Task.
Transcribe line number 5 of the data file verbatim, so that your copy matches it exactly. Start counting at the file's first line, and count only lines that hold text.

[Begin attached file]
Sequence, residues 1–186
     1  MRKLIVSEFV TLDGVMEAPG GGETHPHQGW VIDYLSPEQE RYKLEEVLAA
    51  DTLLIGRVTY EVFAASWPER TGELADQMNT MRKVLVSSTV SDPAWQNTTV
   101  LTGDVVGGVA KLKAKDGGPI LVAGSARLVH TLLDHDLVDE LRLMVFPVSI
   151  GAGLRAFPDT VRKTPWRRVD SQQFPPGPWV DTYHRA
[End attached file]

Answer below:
   151  GAGLRAFPDT VRKTPWRRVD SQQFPPGPWV DTYHRA